India vow to chase win in decisive Test
India have vowed to chase victory in the third and decisive cricket Test against New Zealand starting here on Friday, rather than seal the series by seeking a draw.
India lead the series 1-0 and captain Mahendra Singh Dhoni is adamant his team will be trying for their 100th Test victory instead of a conservative draw that would ensure their first series victory in New Zealand since 1967-68.
“Once you have the mindset of going for the draw, you are not aggressive enough to win a Test match,” Dhoni told reporters after India’s final training session at the Basin Reserve ground.
“We will approach the game in the same way as the first or the second Test.”
One down after the tourists took the first Test in Hamilton by 10 wickets, New Zealand—who put up a massive 619 for nine declared in the drawn second Test—have no choice but to take an aggressive approach.
“I think we realise that a 1-1 series would be a great result for us. And so any opportunity that we can get to win the Test match, I think we have to take,” captain Daniel Vettori told reporters.
He said going for the win was the only option, even if it increased the risk of suffering a second loss.
The big question is whether New Zealand can dismiss India’s talent-laden batting line-up twice.
The bowlers caught India napping in the first innings on a batting paradise at Napier to dismiss them for 305, but India recovered in their follow-on, finishing on 476 for four to salvage a draw.
Vettori says New Zealand’s best chance will be to bowl first and try to dismiss India relatively cheaply in their first innings.
But the Basin Reserve wicket is a bit of an unknown for the New Zealand captain.
“I’ve never seen a Basin pitch like this before,” Vettori said.
“I’ve not seen a Basin wicket as brown as this, or as dry.”
While Dhoni is confident about tactics, he said he is still unsure whether he will play.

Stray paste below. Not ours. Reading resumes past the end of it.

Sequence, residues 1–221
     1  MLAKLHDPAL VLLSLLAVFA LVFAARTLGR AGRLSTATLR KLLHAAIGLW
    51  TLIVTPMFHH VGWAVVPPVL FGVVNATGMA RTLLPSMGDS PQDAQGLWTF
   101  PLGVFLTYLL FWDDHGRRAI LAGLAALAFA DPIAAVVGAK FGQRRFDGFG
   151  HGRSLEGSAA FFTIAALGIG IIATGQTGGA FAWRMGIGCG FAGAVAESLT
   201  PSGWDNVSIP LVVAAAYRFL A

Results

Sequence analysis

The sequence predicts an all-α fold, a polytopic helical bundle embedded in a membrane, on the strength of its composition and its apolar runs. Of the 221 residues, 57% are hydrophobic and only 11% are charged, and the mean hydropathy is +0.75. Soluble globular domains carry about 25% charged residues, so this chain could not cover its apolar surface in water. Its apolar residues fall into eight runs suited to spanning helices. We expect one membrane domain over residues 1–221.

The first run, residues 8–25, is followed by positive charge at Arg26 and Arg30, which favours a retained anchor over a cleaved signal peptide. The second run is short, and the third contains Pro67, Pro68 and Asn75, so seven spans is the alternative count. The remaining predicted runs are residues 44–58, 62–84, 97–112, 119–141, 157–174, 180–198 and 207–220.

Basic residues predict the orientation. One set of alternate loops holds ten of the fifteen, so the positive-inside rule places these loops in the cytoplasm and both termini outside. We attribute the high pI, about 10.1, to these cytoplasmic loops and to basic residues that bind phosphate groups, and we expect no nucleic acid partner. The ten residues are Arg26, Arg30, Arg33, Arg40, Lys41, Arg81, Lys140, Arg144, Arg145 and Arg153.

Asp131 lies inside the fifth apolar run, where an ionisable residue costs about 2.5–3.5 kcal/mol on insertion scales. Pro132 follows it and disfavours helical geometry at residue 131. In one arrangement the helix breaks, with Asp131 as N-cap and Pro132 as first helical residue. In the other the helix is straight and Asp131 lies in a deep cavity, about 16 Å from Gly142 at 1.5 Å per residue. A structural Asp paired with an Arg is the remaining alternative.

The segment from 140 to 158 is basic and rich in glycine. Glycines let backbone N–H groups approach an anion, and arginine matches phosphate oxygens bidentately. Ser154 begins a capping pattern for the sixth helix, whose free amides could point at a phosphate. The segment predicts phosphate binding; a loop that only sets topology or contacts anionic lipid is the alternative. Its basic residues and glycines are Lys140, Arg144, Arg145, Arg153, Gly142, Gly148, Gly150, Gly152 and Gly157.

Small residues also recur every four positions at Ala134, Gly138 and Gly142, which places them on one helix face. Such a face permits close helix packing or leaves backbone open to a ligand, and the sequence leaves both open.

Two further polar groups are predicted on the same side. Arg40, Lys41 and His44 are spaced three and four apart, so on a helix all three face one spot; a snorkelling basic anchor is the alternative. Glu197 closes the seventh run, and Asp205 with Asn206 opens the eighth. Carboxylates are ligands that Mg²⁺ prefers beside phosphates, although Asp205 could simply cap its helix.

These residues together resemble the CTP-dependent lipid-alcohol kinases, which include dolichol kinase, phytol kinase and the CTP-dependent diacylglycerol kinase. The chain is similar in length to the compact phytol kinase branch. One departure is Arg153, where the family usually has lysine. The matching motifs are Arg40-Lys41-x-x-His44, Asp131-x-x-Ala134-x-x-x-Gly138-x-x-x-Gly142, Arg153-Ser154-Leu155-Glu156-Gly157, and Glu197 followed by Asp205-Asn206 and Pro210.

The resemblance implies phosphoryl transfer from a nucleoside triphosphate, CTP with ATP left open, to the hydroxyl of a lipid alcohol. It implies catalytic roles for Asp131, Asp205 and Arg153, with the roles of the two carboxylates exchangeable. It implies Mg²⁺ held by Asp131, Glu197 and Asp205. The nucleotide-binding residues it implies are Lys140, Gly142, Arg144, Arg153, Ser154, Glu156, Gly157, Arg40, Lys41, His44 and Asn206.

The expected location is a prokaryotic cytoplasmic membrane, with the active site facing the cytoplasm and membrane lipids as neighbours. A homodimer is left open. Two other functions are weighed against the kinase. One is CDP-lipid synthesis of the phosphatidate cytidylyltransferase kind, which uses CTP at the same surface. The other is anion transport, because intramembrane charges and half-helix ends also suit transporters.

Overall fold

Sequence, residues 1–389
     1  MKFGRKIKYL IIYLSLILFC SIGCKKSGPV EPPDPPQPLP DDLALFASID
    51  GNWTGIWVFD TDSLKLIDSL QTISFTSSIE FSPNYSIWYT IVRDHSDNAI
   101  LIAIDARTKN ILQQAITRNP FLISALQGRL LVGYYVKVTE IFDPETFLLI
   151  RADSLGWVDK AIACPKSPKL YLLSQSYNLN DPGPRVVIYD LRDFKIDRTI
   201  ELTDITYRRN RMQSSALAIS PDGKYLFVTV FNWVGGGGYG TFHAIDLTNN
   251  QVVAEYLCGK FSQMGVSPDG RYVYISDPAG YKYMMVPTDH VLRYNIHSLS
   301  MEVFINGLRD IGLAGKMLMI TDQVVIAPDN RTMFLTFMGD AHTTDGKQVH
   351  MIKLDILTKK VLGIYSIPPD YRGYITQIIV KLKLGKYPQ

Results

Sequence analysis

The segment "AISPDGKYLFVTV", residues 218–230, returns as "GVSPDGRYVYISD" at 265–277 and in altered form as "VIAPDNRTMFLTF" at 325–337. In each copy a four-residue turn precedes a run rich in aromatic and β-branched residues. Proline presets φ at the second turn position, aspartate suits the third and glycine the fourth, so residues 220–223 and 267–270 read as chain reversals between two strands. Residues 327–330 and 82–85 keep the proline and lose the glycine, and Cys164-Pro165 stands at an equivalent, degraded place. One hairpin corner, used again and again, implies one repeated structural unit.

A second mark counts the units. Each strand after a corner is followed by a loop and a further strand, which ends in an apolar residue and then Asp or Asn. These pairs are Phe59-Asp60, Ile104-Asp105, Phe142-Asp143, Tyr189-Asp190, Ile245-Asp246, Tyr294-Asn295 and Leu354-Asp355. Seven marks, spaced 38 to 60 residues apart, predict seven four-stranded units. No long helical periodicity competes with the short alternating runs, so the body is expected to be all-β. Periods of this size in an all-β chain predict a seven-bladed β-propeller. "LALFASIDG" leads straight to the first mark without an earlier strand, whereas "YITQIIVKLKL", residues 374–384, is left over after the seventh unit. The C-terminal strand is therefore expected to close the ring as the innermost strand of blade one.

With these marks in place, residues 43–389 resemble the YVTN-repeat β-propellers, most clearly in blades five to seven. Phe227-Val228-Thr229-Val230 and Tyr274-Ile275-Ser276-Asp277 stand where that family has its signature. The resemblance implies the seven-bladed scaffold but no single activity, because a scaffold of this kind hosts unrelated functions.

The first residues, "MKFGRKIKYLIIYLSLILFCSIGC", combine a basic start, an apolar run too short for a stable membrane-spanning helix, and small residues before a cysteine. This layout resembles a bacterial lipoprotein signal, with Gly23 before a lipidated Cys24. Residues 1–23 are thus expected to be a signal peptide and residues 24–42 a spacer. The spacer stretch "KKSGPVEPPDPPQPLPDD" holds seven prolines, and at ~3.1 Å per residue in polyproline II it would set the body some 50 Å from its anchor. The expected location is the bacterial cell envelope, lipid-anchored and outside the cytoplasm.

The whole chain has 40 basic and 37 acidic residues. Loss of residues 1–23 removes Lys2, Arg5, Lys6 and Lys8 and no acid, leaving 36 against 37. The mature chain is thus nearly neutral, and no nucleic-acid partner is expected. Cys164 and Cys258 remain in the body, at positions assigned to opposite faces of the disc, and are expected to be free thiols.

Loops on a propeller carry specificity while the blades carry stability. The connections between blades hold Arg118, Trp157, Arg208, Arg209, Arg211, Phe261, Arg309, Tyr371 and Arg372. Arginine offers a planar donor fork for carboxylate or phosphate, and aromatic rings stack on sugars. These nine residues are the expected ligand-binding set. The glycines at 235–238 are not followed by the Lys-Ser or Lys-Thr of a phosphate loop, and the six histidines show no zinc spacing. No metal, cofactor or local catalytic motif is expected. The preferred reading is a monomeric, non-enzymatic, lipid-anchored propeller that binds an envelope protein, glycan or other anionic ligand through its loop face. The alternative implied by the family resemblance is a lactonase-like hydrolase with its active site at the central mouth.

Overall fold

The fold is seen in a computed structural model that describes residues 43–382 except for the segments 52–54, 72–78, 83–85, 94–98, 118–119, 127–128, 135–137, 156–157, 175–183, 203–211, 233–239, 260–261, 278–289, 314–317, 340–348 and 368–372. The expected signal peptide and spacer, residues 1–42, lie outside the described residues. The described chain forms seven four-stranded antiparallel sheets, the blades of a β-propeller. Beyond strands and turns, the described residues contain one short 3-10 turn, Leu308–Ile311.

He was a late withdrawal from the second Test after suffering back spasms, and while his back now feels much better, no decision will be made until Friday morning.
Dhoni batted in the nets on the Test eve, but it remains an unknown whether he would be able to keep wickets for long periods. Otherwise India have no problems with injuries.
New Zealand’s only question mark is over batsman Daniel Flynn, who missed the second Test after injuring his hand in the first.
He batted in the nets on Thursday and a final decision will be made on Friday morning.
Their selection quandary is whether Jeetan Patel will stay in the side to partner Vettori as a second spinner or be replaced by another pace bowler.
If New Zealand win the toss and decide on the strategy of taking advantage of any early favourable bowling conditions, Patel would likely miss out.
The 20-year-old pace bowler Tim Southee has returned to the squad after struggling in the one-day series against India, and he will be vying for the final place with Patel and pace bowler Kyle Mills.
The often windy conditions in Wellington may give the bowlers some assistance, and the cool autumn conditions in the New Zealand capital may favour the home team, who have won their last four Tests against India at the Basin Reserve.—Sapa-AFP.